Fluency Effects in Recognition Memory: Are Perceptual Fluency and Conceptual Fluency Interchangeable?
Meredith Lanska, Justin M. Olds, Deanne L. Westerman
JEPLMC Volume 40, Number 1, ISSN 0278-7393
On a recognition memory test, both perceptual and conceptual fluency can engender a sense of familiarity and elicit recognition memory illusions. To date, perceptual and conceptual fluency have been studied separately but are they interchangeable in terms of their influence on recognition judgments? Five experiments compared the effect of perceptual and conceptual fluency on recognition. The results suggest that under standard intentional encoding instructions participants were influenced by conceptual and perceptual fluency manipulations to a similar degree (Experiments 1a and 1b). When the perceptual features of the stimuli were emphasized during encoding, the perceptual fluency manipulation had a stronger influence on recognition memory decisions than the conceptual fluency manipulation (Experiment 2). Enhanced conceptual processing at encoding served to nullify the influence of both perceptual and conceptual fluency on the test (Experiment 3). The nature of the test instructions also influenced the relative contribution of perceptual versus conceptual fluency manipulations to the recognition judgment. In Experiment 4, the influence of conceptual fluency was larger when the recognition instructions were meaning based (a synonym recognition test) than with standard recognition instructions. Collectively, the results suggest that the relative contribution of perceptual and conceptual fluency depends on both encoding and test factors.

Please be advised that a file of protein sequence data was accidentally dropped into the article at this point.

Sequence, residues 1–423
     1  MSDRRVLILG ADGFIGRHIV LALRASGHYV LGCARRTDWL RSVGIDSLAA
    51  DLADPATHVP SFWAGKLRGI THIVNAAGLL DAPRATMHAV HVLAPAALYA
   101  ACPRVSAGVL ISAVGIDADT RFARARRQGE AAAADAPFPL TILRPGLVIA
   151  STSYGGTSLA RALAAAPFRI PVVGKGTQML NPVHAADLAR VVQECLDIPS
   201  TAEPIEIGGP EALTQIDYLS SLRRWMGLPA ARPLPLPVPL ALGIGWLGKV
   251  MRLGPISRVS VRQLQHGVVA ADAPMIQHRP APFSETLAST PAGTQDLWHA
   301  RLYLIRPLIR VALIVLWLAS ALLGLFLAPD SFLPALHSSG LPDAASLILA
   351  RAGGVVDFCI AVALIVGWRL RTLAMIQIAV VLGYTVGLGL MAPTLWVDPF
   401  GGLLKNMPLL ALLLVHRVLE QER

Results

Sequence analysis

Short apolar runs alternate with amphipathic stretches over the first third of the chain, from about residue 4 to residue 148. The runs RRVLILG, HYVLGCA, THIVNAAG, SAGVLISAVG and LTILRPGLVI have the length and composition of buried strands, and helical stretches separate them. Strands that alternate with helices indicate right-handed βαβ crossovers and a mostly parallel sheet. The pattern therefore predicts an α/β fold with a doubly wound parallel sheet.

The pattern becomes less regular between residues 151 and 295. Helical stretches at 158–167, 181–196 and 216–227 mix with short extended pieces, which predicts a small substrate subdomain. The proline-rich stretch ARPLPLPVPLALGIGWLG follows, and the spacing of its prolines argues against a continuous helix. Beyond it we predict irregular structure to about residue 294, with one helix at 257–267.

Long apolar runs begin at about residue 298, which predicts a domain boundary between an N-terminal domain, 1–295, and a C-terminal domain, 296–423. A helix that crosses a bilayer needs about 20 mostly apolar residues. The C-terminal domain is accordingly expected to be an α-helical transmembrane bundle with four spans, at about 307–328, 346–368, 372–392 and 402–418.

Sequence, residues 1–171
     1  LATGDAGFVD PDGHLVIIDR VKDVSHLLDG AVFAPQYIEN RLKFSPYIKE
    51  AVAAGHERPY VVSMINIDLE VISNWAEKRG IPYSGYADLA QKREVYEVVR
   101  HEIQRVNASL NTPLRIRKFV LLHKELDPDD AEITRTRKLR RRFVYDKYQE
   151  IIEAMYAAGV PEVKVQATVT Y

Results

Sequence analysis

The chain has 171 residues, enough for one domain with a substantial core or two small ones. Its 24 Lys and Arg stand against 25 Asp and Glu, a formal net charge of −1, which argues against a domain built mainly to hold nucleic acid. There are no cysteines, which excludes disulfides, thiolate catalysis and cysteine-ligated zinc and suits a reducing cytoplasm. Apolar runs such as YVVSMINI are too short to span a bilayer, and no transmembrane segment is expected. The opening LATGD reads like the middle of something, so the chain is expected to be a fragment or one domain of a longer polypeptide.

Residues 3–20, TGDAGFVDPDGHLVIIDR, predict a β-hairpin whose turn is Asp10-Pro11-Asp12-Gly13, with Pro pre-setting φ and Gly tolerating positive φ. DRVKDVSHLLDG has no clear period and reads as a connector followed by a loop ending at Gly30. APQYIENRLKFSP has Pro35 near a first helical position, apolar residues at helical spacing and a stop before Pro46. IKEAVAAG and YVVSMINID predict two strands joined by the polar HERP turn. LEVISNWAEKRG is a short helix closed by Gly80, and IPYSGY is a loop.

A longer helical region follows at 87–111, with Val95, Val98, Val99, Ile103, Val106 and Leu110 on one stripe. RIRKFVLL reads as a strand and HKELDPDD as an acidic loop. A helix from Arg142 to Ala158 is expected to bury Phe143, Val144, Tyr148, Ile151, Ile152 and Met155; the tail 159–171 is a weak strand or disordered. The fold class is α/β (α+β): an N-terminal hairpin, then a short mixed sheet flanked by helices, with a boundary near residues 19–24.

Lanska, M., Olds, J.M. & Westerman, D.L. (2014). Fluency Effects in Recognition Memory: Are Perceptual Fluency and Conceptual Fluency Interchangeable?. Journal of Experimental Psychology: Learning, Memory, and Cognition, 40(1), 1-11. Retrieved March 27, 2023 from https://www.learntechlib.org/p/160929/.
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